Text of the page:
President Tayyip Erdogan led opposition candidate Kemal Kilicdaroglu in Sunday’s election, but fell short of an absolute majority needed to extend his 20-year rule in Türkiye.
There will be a runoff election on May 28 between the incumbent Recep Tayyip Erdogan and his opponent Kemal Kilicdaroglu, candidate of a six-party opposition alliance as neither candidate achieved more than 50% of the vote. The ruling AK Party gained a majority in parliament despite a decline in the total number of seats. The number of AK Party seats in the House of Representatives has decreased from 296 to 258.
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This election occurs at a crucial moment for the country, which is battling high inflation and has recently endured devastation from earthquakes. Also, the presidential election will not only decide who leads Türkiye, but also whether it goes back to a more secular, democratic path, how it will deal with its severe cost of living problem, and how it will handle key relationships with Russia, the Middle East, and the West.
Erdogan, who has been in power since 2002, leads the country’s presidential election with 49.4 percent of the vote after nearly 99 percent of ballot boxes have been opened. His major opponent, Kemal Kilicdaroglu, is in second place with 44.96 percent of the vote.
The third candidate, Sinan Ogan of the right-leaning ATA Alliance, performed better than anticipated, garnering 5.2 percent of the vote.
As Sinan Ogan received 5.2% of the vote, analysts said he could be a “kingmaker” in the runoff depending on which candidate he supports.
Erdogan performed better than opinion polls
In a nation at a political crossroads, the results reflected a profound polarization. The vote was expected to grant Erdogan’s ruling alliance a majority in parliament, providing him a possible advantage in the runoff. Opinion polls conducted prior to the election indicated a very close contest, but gave Kilicdaroglu, the leader of a six-party alliance, a minor lead. On Friday, two polls indicated that he was above the 50% threshold.
The country of 85 million people, which is already struggling with skyrocketing inflation, is now facing two weeks of uncertainty that could roil markets; analysts anticipate fluctuations in the local currency and stock market.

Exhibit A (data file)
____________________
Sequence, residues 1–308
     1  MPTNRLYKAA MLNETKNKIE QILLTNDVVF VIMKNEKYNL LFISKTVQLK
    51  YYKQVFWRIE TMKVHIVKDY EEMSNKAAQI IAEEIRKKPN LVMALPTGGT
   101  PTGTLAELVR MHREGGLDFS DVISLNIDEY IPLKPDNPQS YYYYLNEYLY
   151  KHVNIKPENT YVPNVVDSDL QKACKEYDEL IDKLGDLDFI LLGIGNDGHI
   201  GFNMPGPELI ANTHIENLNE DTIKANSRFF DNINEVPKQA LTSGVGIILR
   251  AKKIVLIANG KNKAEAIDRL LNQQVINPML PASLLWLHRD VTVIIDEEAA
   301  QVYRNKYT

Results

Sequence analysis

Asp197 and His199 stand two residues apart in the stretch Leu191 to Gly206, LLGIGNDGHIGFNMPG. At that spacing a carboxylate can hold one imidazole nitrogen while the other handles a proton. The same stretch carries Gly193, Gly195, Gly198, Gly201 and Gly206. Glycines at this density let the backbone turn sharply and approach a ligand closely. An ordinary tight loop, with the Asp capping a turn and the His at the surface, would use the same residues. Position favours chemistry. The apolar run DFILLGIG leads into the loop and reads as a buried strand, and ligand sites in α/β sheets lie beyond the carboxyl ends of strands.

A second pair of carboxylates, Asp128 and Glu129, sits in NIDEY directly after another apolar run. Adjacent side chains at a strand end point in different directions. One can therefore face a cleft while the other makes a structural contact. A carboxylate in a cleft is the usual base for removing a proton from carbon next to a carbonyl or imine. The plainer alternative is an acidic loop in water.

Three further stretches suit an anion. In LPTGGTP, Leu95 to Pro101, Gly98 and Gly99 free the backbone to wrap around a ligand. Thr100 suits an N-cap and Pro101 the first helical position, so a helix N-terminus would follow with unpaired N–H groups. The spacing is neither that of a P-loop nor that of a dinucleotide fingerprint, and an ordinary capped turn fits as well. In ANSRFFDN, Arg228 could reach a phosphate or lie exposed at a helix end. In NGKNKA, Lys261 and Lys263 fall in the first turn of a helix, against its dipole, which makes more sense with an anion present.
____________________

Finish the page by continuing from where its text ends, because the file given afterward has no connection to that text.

Kilicdaroglu, who expected victory in the runoff, urged his supporters to exercise patience and accused Erdogan’s party of interfering with the counting and reporting of results.
However, Erdogan performed better than predicted by pre-election polls, and he appeared confident and combative as he addressed his supporters.
“We are already ahead of our closest rival by 2.6 million votes. We expect this figure to increase with official results,” Erdogan said.
Why a runoff election?
In Bangladesh, India, and many other countries, the candidate with the most ballots is declared elected, regardless of what percentage of the total vote he or she receives. In Türkiye, a presidential candidate must receive at least 50 percent of the vote to be proclaimed elected, and neither Erdogan nor Kilicdaroglu appear to have reached that threshold.
In accordance with Turkish election law, if no candidate receives 50% of the vote, the top two candidates will engage in a direct contest in a runoff election held on the Sunday following the initial election. Therefore, Erdogan and Kilicdaroglu will meet again on May 28.
In 2018, the last time presidential elections were held, there was no need for a runoff because Erdogan won the first round with 53% of the vote against three other candidates.
What the major candidates had promised in campaigns?
Recap Tayyip Erdogan- People’s alliance
- Earthquake relief: Construction of 650,000 new flats in southeastern Türkiye
- Economy: Reducing of inflation below 10 percent by 2024 while decreasing interest rates
- Housing: More regulations to protect citizens from extreme increase in housing costs.
- Refugees: More “voluntary” returns of Syrian refugees to their country.
- Foreign policy: Development of axis centered on Türkiye and continued normalization of relations with countries in the region.
Kemal Kilicdaroglu- Nation Alliance
- Earthquake relief: Construction of houses for survivors free of charge
- Economy: Reintroduction of more traditional economic policies and reduction in inflation
- Housing: Quadrupling of social housing inventory in five years. Cap on social housing lease costs at 20 percent of the minimum wage.
- Refugees: Returns of Syrian refugees back to their country in coordination with the Syrian government.
- Foreign policy: Closer relations with west.
Why this presidential election is crucial for the nation and international allies?
The selection of the next president of Türkiye is one of the most consequential political decisions in the country’s 100-year history and will have consequences far beyond its borders.
A triumph for Erdogan, one of President Vladimir Putin’s most important allies, is likely to elate the Kremlin but unnerve the Biden administration and a number of European and Middle Eastern leaders with strained relations with Erdogan.
Türkiye’s longest-serving leader has transformed the NATO member and Europe’s second-largest country into a global participant, modernized the nation through megaprojects such as new bridges and airports, and created an arms industry sought after by foreign nations.
However, his unsteady economic policy of low interest rates, which sparked a spiraling cost of living crisis and inflation, made him vulnerable to voter’s anger. His government’s delayed response to a devastating earthquake in southeast Türkiye earlier this year, which massacred 50,000 people, added to public discontentment.